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Wild goose chase proves successful

May 20, 2002|BY DAN KULIN /Staff Writer

Hagerstown's City Park is missing what for years was a common sight - large flocks of Canada geese.

The exodus is no accident.

Since July 2000, the city has paid Goose Vamoose in Frederick County $12,413 to have dogs and a remote-controlled boat chase geese and other birds away from City Park and Pangborn Park, city Assistant Finance Director Ray Foltz said.

The company had some success last year, but Hagerstown Mayor William M. Breichner said this year the impact of the dogs and boat is really noticeable.

"The park looks a lot better. People can walk around without walking and mushing in goose droppings," Breichner said. "I think it's been very successful."


A few geese remain at the City Park, but not in the numbers of previous years.

"We had some results last year, but it's been much better this year," city Public Works Manager Eric Deike said.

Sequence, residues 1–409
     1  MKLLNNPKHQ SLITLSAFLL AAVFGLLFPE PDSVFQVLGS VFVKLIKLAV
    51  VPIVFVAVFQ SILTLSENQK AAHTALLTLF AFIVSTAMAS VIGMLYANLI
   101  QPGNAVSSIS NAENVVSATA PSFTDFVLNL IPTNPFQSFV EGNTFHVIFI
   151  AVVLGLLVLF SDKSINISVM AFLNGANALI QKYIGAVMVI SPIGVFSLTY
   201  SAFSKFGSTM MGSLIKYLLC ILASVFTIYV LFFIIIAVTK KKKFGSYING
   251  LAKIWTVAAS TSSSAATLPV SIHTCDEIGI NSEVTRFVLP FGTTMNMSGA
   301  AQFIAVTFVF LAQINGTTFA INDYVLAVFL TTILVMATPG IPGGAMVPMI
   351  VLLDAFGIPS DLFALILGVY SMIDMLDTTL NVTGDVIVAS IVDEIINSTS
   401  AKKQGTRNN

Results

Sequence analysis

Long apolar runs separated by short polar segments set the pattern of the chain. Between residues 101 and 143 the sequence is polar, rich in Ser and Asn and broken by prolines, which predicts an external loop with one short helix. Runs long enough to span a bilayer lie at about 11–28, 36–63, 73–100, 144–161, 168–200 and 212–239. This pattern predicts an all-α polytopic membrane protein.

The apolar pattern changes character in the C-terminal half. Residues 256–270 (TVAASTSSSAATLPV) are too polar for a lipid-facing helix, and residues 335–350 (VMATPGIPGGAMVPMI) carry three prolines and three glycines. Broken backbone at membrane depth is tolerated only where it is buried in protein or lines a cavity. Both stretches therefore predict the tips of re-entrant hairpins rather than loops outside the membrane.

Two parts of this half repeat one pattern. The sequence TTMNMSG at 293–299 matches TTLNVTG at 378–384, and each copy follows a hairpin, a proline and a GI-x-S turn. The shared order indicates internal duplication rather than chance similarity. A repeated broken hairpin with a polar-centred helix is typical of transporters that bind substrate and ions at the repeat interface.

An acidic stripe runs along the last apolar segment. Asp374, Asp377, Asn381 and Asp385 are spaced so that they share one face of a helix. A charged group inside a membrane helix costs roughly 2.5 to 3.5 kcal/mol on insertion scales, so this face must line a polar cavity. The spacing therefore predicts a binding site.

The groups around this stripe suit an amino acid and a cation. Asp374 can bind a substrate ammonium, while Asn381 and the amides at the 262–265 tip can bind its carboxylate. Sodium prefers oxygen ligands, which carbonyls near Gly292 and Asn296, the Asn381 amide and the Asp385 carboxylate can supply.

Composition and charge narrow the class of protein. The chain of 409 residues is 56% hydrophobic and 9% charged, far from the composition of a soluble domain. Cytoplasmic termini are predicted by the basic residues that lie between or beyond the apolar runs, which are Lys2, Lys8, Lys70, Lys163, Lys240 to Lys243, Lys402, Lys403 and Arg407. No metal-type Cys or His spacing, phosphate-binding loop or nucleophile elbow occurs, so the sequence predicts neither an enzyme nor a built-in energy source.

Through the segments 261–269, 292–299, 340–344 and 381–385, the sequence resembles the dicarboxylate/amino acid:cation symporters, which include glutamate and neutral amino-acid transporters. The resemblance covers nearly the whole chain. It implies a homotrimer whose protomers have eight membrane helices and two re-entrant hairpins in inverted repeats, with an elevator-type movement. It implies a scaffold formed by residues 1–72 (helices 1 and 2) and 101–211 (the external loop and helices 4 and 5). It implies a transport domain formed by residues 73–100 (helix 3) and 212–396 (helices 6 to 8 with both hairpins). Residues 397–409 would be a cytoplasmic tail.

Breichner said that for at least 10 years city officials have been dealing with the hundreds of geese that made City Park home for much of the year. In addition to the mess the geese left behind, the birds ate a lot of the grass at the park.

"The main problem is they destroy the grasses, flowers and shrubs," Deike said.

The geese left patches of dirt where grass once was, he said.

Deike said at one time there were probably more than 1,000 geese and other waterfowl at City Park.

Then the city hired Goose Vamoose to attack the problem. The company used two dogs and a small remote-controlled boat to harass the birds until they left.

Breichner said the dogs, which he believes are border collies, chase the birds into the water and then the remote-controlled boat is used to scare the birds out of the water.

Deike said the dogs leave the swans at the park alone.

Some of the geese that left City Park went to the city's Pangborn Park, so the dogs and boat also did some work there, Breichner said.

Beyond that, "we don't really know" where the geese went, the mayor said.

Foltz said the city has spent $12,053 for the work at City Park and $360 for the work at Pangborn Park, Foltz said.

Breichner and Deike said the city will probably have to continue paying someone to chase away the birds to keep them from returning. But they said it will be needed less and less often.

Deike said in early spring, Goose Vamoose went to City Park as often as twice a day, three or four days a week. Now, the company goes to the park every three or four days, he said.

"I think it's a positive thing we're doing for the park," Deike said. "We're creating a better environment for the human patrons."

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